- Oluwakemi Adesina
The profound ramifications of the roots reggae music and Rastafarianism as philosophical and ideological tools for the understanding of Africa and the African diaspora reached its highest point with the eclectic musical career of Robert Nesta Marley (hereinafter Bob Marley). At home and abroad, Bob Marley was regarded as a poet, a prophet, and a mystic. He was a “revolutionary artist,” “Rasta Prophet,” and a host of other significant epithets all derived from Marley’s vintage messages of strength, defiance, and rebellion in the face of racial and all forms of oppression. A powerful writer of revolutionary and visionary songs, the extremely charismatic and iconic Bob Marley was the twentieth-century Jamaican music legend born of mixed parentage in St. Ann’s Parish, Jamaica, on 6 February 1945 When he was ten years old his father died of a heart attack and Marley then left home at the age of fourteen to ...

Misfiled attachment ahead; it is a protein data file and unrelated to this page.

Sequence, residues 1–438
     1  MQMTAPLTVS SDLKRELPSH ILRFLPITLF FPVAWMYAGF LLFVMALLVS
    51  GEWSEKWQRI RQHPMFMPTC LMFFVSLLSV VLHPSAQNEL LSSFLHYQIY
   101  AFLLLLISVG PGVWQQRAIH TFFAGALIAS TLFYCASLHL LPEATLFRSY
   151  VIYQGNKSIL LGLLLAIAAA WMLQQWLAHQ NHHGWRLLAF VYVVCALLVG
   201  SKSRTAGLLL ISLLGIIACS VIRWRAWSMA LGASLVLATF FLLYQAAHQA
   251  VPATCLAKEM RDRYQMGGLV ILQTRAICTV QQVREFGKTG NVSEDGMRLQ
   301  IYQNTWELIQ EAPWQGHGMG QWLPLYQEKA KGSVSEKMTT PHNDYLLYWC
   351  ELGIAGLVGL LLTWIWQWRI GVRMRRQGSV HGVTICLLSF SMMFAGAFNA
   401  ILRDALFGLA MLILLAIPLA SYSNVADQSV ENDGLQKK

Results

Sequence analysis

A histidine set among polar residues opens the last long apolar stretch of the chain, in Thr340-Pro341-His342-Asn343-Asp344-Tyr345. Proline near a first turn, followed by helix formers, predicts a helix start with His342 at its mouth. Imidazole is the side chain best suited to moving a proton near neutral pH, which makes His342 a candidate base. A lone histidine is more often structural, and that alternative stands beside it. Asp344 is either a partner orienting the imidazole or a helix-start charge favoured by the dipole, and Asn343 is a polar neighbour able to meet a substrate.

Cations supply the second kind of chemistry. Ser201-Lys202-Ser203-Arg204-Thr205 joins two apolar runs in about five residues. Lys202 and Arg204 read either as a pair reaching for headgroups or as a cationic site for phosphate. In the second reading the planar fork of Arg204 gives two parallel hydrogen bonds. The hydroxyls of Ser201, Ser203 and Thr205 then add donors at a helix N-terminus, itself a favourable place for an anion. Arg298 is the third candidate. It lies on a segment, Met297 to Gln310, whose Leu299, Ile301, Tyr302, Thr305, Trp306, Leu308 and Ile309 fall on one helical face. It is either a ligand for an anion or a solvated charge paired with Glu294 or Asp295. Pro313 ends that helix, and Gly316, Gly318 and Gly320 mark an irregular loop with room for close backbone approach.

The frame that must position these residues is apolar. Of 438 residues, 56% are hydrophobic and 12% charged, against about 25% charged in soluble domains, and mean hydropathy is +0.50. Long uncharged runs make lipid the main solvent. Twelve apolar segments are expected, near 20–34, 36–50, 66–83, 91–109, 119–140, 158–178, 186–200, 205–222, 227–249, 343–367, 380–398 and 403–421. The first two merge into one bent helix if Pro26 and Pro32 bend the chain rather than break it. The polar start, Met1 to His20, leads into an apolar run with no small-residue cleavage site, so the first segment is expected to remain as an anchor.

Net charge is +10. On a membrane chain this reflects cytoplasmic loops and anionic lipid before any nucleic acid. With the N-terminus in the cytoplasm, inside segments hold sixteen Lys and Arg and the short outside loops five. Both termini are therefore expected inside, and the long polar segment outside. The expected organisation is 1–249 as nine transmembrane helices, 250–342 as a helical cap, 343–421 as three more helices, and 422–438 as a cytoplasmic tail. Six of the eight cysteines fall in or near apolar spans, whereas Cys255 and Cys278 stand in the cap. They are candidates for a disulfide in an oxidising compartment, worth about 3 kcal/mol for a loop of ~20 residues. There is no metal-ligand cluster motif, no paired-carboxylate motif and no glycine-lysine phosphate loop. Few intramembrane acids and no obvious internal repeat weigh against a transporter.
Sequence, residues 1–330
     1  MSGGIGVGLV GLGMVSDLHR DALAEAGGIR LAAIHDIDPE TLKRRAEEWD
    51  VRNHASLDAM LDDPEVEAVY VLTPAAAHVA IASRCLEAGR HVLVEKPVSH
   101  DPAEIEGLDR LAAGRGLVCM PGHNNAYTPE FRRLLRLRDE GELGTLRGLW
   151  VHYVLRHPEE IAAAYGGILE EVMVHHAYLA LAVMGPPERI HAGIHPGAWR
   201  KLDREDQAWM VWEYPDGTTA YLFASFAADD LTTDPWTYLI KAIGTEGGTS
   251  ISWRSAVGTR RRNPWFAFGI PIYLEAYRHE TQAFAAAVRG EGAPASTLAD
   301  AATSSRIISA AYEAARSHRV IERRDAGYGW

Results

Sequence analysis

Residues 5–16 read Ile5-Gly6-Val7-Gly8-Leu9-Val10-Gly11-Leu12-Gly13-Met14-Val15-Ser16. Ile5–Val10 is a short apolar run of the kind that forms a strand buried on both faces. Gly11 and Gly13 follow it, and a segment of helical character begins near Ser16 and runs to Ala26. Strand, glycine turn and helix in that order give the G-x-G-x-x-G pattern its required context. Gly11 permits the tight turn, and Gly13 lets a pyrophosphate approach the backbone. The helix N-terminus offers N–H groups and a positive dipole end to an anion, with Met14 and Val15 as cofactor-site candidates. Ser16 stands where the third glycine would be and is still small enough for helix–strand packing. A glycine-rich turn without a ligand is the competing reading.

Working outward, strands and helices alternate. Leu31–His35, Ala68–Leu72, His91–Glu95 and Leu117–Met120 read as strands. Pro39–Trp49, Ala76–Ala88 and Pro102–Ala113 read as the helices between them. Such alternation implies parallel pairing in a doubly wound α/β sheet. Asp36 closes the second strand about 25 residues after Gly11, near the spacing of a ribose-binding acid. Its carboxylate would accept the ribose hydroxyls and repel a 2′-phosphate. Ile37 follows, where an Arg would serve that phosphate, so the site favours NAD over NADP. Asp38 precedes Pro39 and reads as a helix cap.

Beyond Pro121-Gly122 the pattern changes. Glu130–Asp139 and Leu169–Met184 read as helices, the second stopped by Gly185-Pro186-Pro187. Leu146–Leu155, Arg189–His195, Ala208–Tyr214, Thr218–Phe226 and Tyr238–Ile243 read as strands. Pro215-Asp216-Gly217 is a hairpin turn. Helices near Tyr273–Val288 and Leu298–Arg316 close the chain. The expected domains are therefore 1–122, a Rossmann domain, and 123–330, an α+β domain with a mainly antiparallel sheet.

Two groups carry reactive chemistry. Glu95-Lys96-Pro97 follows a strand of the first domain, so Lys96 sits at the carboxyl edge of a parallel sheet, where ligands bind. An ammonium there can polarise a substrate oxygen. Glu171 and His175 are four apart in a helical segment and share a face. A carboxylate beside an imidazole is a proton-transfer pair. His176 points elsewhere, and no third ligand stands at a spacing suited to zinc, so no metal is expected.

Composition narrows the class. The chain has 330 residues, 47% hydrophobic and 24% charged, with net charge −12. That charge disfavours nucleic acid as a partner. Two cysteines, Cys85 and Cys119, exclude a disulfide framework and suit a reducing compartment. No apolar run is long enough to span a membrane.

A version of this article originally appeared in The Oxford Encyclopedia of African Thought.